ICAN VBAC ban/allow list!!

Earlier I blogged about the VBAC article in Time magazine, and now the awesome, wonderful, and amazing volunteers of ICAN have put together a comprehensive list of all the hospitals in America, and whether they allow VBACs or not. The number of hours that it took for all the volunteers to call the hospitals and enter the information was incredible — somebody estimated that it would have taken $100,000, had they been paid, so this truly was a tremendous effort.

Unfortunately almost half of the hospitals have either a formal VBAC ban or a de facto VBAC ban — that is, there is no official policy against allowing VBACs at that hospital, but no doctor will actually attend one.

But just because a hospital is listed as “allowing” VBACs doesn’t mean you’ll actually get one, or that it will be easy. Many of the volunteers who called hospitals noted that many hospitals or doctors had such strict guidelines for the VBACs they allowed that it would be difficult for anyone to actually have a successful VBAC. Some restrictions include that the woman has to have had a successful VBAC already in order to attempt another one, or at least that she has to have a “proven pelvis” — a vaginal birth. That means that if her first baby was breech and she’s currently pregnant with her second, then she will not be allowed even a chance at a vaginal birth. Other hospitals won’t allow women who have had more than one C-section to attempt a VBAC. Some hospitals or doctors require that women attempting a VBAC to give birth by 5:00 p.m., or be wheeled back for an automatic C-section — regardless of any other factor!


11 Responses

  1. The two hospitals where I had my babies were not on the list. I wonder why because they are huge hospitals in a huge city.

    Thanks for alerting us to this link. I’m absolutely amazed that it was put together by volunteers.

    • Scout234,

      Please be sure to alert the ICAN staff, so that they can call the hospitals and add them to the list. I know that they were working off of lists that they could find — typically online lists that supposedly listed “every hospital in the state” — although many times there were duplicates of hospitals, or two names for the same hospital, or one big conglomeration of hospitals that went by different names in various cities but had the same policies — quite confusing! Also, it’s possible that some hospitals were overlooked, or the information was entered inaccurately. I know that ICAN wants it to be complete and up-to-date, so would be grateful to anyone who points out a hospital that was missed.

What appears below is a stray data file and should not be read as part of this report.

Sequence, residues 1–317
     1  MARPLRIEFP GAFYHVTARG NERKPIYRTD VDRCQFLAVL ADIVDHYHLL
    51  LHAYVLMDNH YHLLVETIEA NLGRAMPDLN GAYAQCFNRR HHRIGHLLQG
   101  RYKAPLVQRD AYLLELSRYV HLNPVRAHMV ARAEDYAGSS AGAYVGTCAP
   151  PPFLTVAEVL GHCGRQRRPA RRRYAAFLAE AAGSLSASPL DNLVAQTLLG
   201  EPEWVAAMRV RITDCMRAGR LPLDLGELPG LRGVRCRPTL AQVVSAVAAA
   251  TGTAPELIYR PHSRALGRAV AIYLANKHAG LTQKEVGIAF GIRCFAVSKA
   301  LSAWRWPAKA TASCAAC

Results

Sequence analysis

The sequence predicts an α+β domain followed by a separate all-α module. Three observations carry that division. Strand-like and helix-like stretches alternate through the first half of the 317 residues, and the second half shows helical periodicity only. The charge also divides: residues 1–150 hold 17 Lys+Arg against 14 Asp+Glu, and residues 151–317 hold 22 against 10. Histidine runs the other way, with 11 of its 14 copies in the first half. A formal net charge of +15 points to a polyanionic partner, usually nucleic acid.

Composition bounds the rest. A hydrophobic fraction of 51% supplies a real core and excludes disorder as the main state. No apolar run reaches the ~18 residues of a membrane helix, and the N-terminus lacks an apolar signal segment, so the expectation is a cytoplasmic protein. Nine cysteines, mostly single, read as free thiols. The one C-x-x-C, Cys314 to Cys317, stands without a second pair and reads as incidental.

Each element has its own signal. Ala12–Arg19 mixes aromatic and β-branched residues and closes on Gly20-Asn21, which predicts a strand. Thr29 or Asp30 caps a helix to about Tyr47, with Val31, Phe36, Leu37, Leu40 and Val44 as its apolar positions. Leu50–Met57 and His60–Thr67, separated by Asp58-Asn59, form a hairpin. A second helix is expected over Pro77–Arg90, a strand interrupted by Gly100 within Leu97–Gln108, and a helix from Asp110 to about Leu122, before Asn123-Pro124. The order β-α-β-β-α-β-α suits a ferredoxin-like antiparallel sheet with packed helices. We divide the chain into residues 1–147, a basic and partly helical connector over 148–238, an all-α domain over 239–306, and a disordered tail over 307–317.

2. Wow, that is CRAZY!!!! I can’t believe how sick and uptight people have gotten about restrictive VBAC policies!! And here in AZ, homebirth midwives can’t do HBAC, so people are pretty much stuck with repeat c/s or UC, unless they are VERY gutsy and want to fight – and most women don’t have the nerve or the support (especially from nervous hubbies). What a mess!

  3. I would take this list with a handful of salt. The designation of “de facto ban” is based on ONE conversation with whomever the caller was able to reach on the phone. seemed to be OB nurses rather than, say, a charge nurse or the head of women’s and children’s services.

    it seems very arbitrary whether a hospital was designated “de facto ban” or “allows”. 2 hospitals in my area had virtually identical narrative details yet received different designations. Another nearby hospital received label of “de facto” when I know for a fact the only OB practice in that little town is totally on board with VBACs.

    women are basing some pretty serious decisions on this hospital list. check your facts, everyone.

    • Abundant B’earth — you are right about the limitations of the list. I happen to know that many of the people involved in entering the information into the computer would work late into the night, sometimes to 2, 3, or 4 a.m., so obviously there may be errors, or a judgment call on the part of the person who called or entered the information as to whether there was a de facto ban or not. And you’re right that if a nurse answers the phone and doesn’t know a doctor in town that will do VBACs, then it will be put down as a de facto ban, when it may just be nurse ignorance. Sometimes the tone of voice of the person answering the questions in the maternity ward may have made a difference — as you may imagine, there can be a huge difference between a reluctant and an enthusiastic “we have no policy banning VBACs”; and I know there were some questions answered such as, “Well, you can *try*….” [with the tone of voice saying loud and clear, “but you’ll never make it!”] However, it is important to realize that while it was perhaps the result of a single phone call, had these women been just “ordinary” post-C-section moms trying to find out if they could have a VBAC, then this is what they would have been told. It was difficult or even impossible for the L&D wing to even be *reached* in some of these hospitals, much less the charge nurse or someone more authoritative; and often it is the nurses “in the trenches” who have a better (or at least more honest) view of what happens in their hospitals. A person in charge may cavil or try to obfuscate the facts — sort of a “bait and switch” to get women to plan to give birth in that hospital — even if s/he actually knows more than the nurse who answered the phone. But make no mistake — if women wanting a VBAC had been told what these callers were told, then they would think that they could not have a VBAC, and that is a very important point.